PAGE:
The pleasant singer of the 'Good Time Coming' has here added one more to the many volumes of verse in which he has sung his manly sentiments in a hearty, popular manner to a music of his own.
The music may be somewhat of the barrel-organ kind, and we soon learn all the tunes that can be
played; but we suppose there are ears that will be delighted with the well-known measures, and people to applaud the well-worn sentiments.
Perhaps it is owing to the many imitators of the Doctor that we are weary of what may becalled the poetry of progress,
and feel the sincerity to have dwindled unto cant. His is the best of the
kind; but of that kind we have had enough. It never can go sufficiently deep to endure.
A political poet will scarcely strike the national heart-strings abort of stirring up the revolutionary
passions,—and even then he can only wield one element of poetry, i.e. the fiery one.
But a dilettante political poet, with no wrongs to smite, no stubble to consume, no fire to kindle, is really in the position of so many of the Lancashire workers in cotton.
The 'Good Time Coming' is most likely the best song which this sort of inspiration can supply.
But it belongs essentially to a passing phase of politics. It is on the surface of things, and does not, cannot, touch the heart to any depth.
If we compare it with any of the national songs of Burns, we shall see how it lacks the quickening, kindling touch of nature, and all the elements of immortality. It is not made alive with national sentiment, only vital with a politico-social
sentimentality. That it is so is only according to natural law.
We are not blaming the singer in showing how shallow is the motive, how evanescent and whiffling the inspiration of all such poetry.
Dr. Mackay has not confined himself to his old source of song in this new book.
He has tried back, and sought to drink at a much more ancient fount, the Greek Helicon.
We fancy, however, that it must be difficult to trace that spring of living waters.
Possibly there, as here, it has to be struck out of the ground (the subject) to-day by the powerful hoof of a
high-blooded, fiery-spirited Pegasus, as well as in any time past.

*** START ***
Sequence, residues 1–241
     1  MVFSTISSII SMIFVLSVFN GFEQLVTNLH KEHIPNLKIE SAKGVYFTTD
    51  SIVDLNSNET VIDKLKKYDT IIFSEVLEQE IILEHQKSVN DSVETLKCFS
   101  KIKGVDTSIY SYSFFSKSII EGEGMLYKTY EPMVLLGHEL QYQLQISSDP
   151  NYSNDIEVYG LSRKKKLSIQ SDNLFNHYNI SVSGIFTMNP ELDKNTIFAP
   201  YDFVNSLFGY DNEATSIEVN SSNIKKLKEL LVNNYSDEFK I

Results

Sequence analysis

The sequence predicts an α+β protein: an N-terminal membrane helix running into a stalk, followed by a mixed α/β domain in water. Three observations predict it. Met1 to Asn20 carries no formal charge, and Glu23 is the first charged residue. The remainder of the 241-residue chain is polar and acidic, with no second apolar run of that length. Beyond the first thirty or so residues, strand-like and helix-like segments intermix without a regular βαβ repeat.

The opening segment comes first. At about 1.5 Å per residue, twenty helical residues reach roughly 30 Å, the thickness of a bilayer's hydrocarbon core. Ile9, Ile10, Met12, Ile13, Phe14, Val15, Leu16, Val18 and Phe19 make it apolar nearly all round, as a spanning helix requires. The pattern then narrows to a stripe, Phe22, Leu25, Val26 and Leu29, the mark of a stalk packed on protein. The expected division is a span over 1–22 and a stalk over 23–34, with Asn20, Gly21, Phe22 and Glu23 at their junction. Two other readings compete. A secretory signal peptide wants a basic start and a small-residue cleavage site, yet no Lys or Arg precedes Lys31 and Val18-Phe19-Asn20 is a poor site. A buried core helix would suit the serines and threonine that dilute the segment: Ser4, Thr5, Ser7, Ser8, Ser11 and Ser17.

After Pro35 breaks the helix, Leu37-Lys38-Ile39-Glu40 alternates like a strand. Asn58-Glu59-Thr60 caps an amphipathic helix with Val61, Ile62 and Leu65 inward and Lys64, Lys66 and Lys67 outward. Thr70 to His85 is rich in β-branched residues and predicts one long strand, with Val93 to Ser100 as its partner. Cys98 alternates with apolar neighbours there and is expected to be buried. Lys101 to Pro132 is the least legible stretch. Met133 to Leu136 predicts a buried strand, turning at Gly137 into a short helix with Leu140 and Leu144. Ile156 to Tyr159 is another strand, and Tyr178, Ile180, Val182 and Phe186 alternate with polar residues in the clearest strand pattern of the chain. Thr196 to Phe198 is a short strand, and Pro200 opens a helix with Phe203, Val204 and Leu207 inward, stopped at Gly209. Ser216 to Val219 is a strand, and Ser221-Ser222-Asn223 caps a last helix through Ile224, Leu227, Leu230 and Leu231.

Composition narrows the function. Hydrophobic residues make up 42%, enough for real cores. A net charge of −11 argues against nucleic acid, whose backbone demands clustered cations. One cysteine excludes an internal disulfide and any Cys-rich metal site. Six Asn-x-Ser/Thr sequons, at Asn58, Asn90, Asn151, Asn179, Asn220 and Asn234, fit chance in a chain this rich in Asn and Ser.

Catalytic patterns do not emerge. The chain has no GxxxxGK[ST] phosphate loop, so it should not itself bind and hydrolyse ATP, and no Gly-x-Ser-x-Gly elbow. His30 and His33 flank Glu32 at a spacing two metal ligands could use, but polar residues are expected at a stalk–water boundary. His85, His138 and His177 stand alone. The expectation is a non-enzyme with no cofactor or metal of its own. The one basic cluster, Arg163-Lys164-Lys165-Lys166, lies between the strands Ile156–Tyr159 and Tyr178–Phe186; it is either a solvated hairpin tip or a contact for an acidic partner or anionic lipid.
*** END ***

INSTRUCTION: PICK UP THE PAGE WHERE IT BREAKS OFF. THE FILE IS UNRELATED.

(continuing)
We should imagine that the immortal Greek Nine would be chary of smiling on a poet well on in years (always excepting their favourite Englishman, Landor) who had devoted his best days to modern Muses of so different a complexion. It seems to require
youth—from Pygmalion to John Keats—to make the old marble myths take life, and set the red blood glowing through their white shapes.
It is not a work to commence late in life. Accordingly, we cannot congratulate the Doctor on his success in this new attempt.
They require rare and beautiful dreamers in that haunted region where Dian stoops to her lover on Latmos,
and the Daphne of the poet's chase turns into the laurel for his
brow,—when he can catch her!
Amongst the best things in the 'Sketches from Nature' are the pieces entitled 'Heart-sore in Babylon,' and of these the following quotation is one of the
LOUISE ON THE DOOR-STEP.
Half-past three in the morning!
And no one in the street
But me, on the sheltering door-step
Besting my weary feet;—
Watching the rain-drops patter
And dance where the puddles run;
As bright in the flaring gas-light
As dewdrops in the sun.
There's a light upon the pavement
It shines like a magic glass,
And there are faces in it,
That look at me, and pass.
Faces-ah! well remembered
In the happy Long-Ago
When my garb was white as lilies,
And my thoughts as pure as snow.
Faces! ah yes! I see them—
One, two, and three—and four—
That come on the gust of tempests,
And go on the winds that bore.
Changeful and evanescent
They shine 'mid storm and rain,
Till the terror of their beauty
Lies deep upon my brain.
One of them frowns; I know him,
With his thin long snow-white hair,
Cursing his wretched daughter
That drove him to despair.
And the other, with wakening pity
In her large tear-streaming eyes,
Seems as she yearned toward me,
And whispered "Paradise."
They pass,—they melt in the ripples,
And I shut mine eyes, that burn,
To escape another vision
That follows where'er I turn:—
The face of a false deceiver
That lives and lies; ah me!
Though I see it in the pavement,
Mocking my misery!
They are gone!—all three!—quite vanished!
Let no one call them back!
For I've had enough of phantoms,
And my heart is on the rack 1
GOD help me in my sorrow; .
But there,—in the wet, cold stone,
Smiling in heavenly beauty,
I see my lost, mine own!
There on the glimmering pavement,
With eyes as blue as morn,
Floats by, the fair-haired darling
Too soon from my bosom torn;
She clasps her tiny fingers—
She calls me sweet and mild,
And says that my GOD forgives me,
For the sake of my little child.
I will go to her grave to-morrow,
And pray that I may die;
And I hope that my GOD will take me
Ere the days of my youth go by.
For I am old in anguish,
And long to be at rest,
With my little babe beside me,
And the daisies on my breast.
—That is a true bit of London life, and rather a novel idea to make the wet, oily, shining pavement the mirror in which to reveal the mental picture.
It is a pity the poet did not hold his vision with perfect steadiness.
The words "where'er I turn," break the
spell,—the attitude being one that demands the gaze fixed breathlessly! Also, the line
Let no one call them back!
is an impertinence in such a soliloquy.
But for these two blemishes the little poem would be perfect in its kind.
As it is, it will, no doubt, draw readers to the book.